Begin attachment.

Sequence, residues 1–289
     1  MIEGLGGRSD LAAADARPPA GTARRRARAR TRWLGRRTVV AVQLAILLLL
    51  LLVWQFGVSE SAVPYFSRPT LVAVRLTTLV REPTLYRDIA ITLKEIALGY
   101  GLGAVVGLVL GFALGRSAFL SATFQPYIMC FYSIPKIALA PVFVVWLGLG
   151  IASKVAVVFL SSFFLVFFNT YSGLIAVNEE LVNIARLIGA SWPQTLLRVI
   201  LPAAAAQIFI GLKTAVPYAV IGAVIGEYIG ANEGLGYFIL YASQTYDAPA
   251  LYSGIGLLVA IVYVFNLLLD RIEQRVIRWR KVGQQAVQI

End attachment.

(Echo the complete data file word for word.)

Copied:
Sequence, residues 1–289
     1  MIEGLGGRSD LAAADARPPA GTARRRARAR TRWLGRRTVV AVQLAILLLL
    51  LLVWQFGVSE SAVPYFSRPT LVAVRLTTLV REPTLYRDIA ITLKEIALGY
   101  GLGAVVGLVL GFALGRSAFL SATFQPYIMC FYSIPKIALA PVFVVWLGLG
   151  IASKVAVVFL SSFFLVFFNT YSGLIAVNEE LVNIARLIGA SWPQTLLRVI
   201  LPAAAAQIFI GLKTAVPYAV IGAVIGEYIG ANEGLGYFIL YASQTYDAPA
   251  LYSGIGLLVA IVYVFNLLLD RIEQRVIRWR KVGQQAVQI